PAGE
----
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Magazine Ad Sales Track the Trends


The new year began on a sweet note for the magazine industry.

Figures released last week by the Publishers Information Bureau showed total advertising revenue for 1994 was up 10.9% over 1993, to $8.5 billion.

The increases during December alone in ad pages (10.5%) and ad revenue (18%) over numbers achieved in December, 1993, were the highest jumps in 10 years.

A look at individual performers offers an idea of what's hot--and what's not--at least as far as the media buyers on Madison Avenue are concerned.

Allure, the 4-year-old Conde Nast women's magazine that focuses on beauty and the beauty industry, continued to show a dramatic increase in ad revenue. It was up 48.5% last year, to $33.5 million, after being up 85% in 1993.

Details--Conde Nast's young men's mag covering music, fashion and lifestyle issues--had another great year. Ad revenue grew 46.7%, to $22.2 million, after showing an 85% increase in 1993.

It was also a nice year for Men's Health. Publishing 10 issues in 1994, compared to nine in 1993, the magazine showed a 119.1% increase, to $20.5 million. Men's Journal, which put out 10 issues last year (three more than in 1993), was up 100.9%, to $12 million.

Ad revenue at Martha Stewart Living (which recently inspired a look-alike parody called "Is Martha Stewart Living?") soared 87%, to $16.4 million.

In the money field, Worth came on strong, increasing ad revenue 70.2% to $13.7 million, while SmartMoney, publishing 12 issues (five more than in 1993), was up 198.6% to $21.1 million.

Other big gainers included American Health, up 34.5%; American Heritage, 40.3%; Entertainment Weekly, 43.4%, and YM, 32.4%.

Among the more high-profile publications, the New Yorker was up 9.7%, and GQ, 4.8%. Vanity Fair dropped 6.7%, and Esquire was down 10.4%.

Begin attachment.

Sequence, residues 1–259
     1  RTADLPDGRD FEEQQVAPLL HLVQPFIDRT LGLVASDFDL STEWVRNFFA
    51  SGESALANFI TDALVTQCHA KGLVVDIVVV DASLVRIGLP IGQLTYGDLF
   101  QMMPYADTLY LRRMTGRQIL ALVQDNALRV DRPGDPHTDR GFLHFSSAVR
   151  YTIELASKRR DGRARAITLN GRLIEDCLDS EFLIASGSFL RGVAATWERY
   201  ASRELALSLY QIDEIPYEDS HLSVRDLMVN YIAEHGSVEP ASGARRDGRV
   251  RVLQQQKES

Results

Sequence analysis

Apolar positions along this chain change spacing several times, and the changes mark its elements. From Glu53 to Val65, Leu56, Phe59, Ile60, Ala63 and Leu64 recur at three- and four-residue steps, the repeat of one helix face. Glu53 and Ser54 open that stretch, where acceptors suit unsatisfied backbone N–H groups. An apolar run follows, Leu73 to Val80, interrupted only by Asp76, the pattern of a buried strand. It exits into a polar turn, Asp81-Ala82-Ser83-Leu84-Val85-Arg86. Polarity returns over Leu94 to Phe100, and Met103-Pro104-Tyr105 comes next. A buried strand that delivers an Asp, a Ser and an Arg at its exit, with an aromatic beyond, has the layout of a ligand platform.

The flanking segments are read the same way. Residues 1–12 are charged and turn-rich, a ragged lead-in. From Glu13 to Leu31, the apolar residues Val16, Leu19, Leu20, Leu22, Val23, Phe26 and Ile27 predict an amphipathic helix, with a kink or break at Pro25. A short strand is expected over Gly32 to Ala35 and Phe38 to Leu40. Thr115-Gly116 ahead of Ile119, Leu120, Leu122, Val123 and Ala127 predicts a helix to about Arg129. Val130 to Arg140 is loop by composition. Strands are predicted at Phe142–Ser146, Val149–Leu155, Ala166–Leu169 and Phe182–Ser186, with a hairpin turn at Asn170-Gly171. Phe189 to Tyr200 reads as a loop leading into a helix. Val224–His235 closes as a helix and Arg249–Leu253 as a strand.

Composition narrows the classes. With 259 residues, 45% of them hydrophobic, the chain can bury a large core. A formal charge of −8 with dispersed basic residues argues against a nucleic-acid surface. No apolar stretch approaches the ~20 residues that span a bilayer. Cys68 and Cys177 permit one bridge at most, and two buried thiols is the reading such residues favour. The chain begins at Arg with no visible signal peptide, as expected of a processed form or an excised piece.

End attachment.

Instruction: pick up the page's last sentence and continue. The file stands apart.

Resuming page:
The news weeklies' score card looked like this: Time, up 8.1% to $372 million; Newsweek, up 7% to nearly $279 million, and U.S. News & World Report, up 9.4%, to $221.1 million.


Scoring Big: Long before CD players, cable TV, the Internet and other adult diversions, there was Scrabble. First developed during the 1930s and turned into a national craze two decades later, the classic board game continues to sell an estimated 1 million units a year and draws hundreds of word-savvy players to biennial national tournaments.

Except for Merriam Webster's "Official Scrabble Players Dictionary," the reference book of record, surprisingly little has been published to serve the game's enthusiasts.

Enter "Everything Scrabble," newly released by Pocket Books. Two Suffolk County, N.Y., residents--John D. Williams Jr., a screenwriter and marketing executive who heads the National Scrabble Assn., and Joe Edley, the only two-time winner of the National Scrabble Championship--have written a catch-all book on the game. First printing: 40,000 copies.

The oversize paperback mainly advises beginners and pros on how to make the most of those 100 letter tiles (complete with diagrams), but it also offers the authors' personalized accounts of Scrabble's quirky history and culture, including a profile of its inventor, Alfred Mosher Butts. "I'm really a terrible speller," Butts confessed a few years before his death in 1993.

Williams, a ranked competitor himself, said the National Scrabble Assn., which represents about 10,000 players, receives up to 50 calls a day from around the country. They are answered at Williams & Co., his advertising and public-relations firm in Greenport, N.Y., which counts Scrabble manufacturer Milton Bradley Co. among its clients.

Serious players phone to seek arbitration in mid-contest, and barroom debaters want to know the most points that can be scored in a game (an unanswerable question).

Oh yes, qat is acceptable according to Williams. It's a variation of khat, the African shrub. Qi , however, is acceptable so far only outside North America. Pronounced "chee," qi is the Chinese word for an individual's life force.

* Paul Colford is on leave. Ink will return Feb. 24.

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